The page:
Computer Laboratory

Technical reports

Hardware support for compartmentalisation

Robert M. Norton

May 2016, 86 pages

This technical report is based on a dissertation submitted September 2015 by the author for the degree of Doctor of Philosophy to the University of Cambridge, Clare Hall.

With thanks to Microsoft Research Limited who provided the primary funding for this work via their PhD scholarship program under contract MRL-2011-031.

Approved for public release; distribution is unlimited. Sponsored by the Defense Advanced Research Projects Agency (DARPA) and the Air Force Research Laboratory (AFRL), under contracts FA8750-10-C-0237 (“CTSRD”) and FA8750-11-C-0249 (“MRC2”) as part of the DARPA CRASH and DARPA MRC research programs. The views, opinions, and/or findings contained in this report are those of the author and should not be interpreted as representing the official views or policies, either expressed or implied, of the Department of Defense or the U.S. Government.

Abstract

Compartmentalisation is a technique to reduce the impact of security bugs by enforcing the ‘principle of least privilege’ within applications. Splitting programs into separate components that each operate with minimal access to resources means that a vulnerability in one part is prevented from affecting the whole. However, the performance costs and development effort of doing this have so far prevented widespread deployment of compartmentalisation, despite the increasingly apparent need for better computer security. A major obstacle to deployment is that existing compartmentalisation techniques rely either on virtual memory hardware or pure software to enforce separation, both of which have severe performance implications and complicate the task of developing compartmentalised applications.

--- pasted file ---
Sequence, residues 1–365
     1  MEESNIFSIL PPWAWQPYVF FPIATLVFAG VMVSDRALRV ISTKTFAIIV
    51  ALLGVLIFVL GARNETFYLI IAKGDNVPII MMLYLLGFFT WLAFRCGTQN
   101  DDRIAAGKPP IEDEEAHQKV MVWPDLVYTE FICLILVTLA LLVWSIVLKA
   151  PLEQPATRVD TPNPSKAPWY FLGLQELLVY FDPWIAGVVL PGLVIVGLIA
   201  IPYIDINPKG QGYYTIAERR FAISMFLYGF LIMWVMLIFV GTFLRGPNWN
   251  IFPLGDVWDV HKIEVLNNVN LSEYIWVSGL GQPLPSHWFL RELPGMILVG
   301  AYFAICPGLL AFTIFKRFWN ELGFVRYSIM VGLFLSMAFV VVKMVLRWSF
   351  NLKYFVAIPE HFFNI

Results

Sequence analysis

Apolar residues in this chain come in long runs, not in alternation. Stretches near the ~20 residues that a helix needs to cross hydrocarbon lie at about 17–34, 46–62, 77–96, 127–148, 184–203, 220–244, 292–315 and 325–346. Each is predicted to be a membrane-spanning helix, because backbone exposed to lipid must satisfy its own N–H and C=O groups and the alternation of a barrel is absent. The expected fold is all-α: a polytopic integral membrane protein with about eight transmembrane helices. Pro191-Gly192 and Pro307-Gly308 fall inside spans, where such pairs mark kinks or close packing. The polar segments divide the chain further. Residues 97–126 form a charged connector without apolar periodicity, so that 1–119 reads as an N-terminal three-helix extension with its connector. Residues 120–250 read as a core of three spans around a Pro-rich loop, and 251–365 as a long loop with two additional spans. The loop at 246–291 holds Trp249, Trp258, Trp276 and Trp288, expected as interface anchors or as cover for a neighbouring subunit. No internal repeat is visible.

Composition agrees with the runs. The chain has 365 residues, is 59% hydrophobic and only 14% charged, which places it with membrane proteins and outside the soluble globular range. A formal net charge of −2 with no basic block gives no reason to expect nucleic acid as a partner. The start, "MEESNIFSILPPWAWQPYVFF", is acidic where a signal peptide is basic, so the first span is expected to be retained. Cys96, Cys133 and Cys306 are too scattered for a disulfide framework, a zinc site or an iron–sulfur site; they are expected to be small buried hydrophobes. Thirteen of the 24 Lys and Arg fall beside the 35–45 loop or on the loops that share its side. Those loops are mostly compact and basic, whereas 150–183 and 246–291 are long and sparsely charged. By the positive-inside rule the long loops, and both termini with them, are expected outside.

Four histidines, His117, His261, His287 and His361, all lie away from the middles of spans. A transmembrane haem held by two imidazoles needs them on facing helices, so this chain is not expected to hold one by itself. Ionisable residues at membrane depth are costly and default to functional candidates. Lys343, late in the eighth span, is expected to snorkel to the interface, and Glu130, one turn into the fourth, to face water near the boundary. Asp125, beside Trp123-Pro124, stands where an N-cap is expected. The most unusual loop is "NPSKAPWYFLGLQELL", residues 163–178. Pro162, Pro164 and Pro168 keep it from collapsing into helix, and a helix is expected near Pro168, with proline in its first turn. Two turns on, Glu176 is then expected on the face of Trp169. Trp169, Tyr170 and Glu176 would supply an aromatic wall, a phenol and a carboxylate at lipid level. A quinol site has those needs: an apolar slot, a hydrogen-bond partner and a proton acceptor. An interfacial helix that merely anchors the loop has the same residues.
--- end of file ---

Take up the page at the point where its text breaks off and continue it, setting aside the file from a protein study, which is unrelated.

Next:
CHERI (Capability Hardware Enhanced RISC Instructions) is a research project which aims to improve computer security by allowing software to precisely express its memory access requirements using hardware support for bounded, unforgeable pointers known as capabilities. One consequence of this approach is that a single virtual address space can be divided into many independent compartments, with very efficient transitions and data sharing between them.

This dissertation analyses the compartmentalisation features of the CHERI Instruction Set Architecture (ISA). It includes: a summary of the CHERI ISA, particularly its compartmentalisation features; a description of a multithreaded CHERI CPU which runs the FreeBSD Operating System; the results of benchmarks that compare the characteristics of hardware supported compartmentalisation with traditional techniques; and an evaluation of proposed optimisations to the CHERI ISA to further improve domain crossing efficiency.

I find that the CHERI ISA provides extremely efficient, practical support for compartmentalisation and that there are opportunities for further optimisation if even lower overhead is required in the future.

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BibTeX record

@TechReport{UCAM-CL-TR-887,
  author =	 {Norton, Robert M.},
  title = 	 {{Hardware support for compartmentalisation}},
  year = 	 2016,
  month = 	 may,
  url = 	 {http://www.cl.cam.ac.uk/techreports/UCAM-CL-TR-887.pdf},
  institution =  {University of Cambridge, Computer Laboratory},
  number = 	 {UCAM-CL-TR-887}
}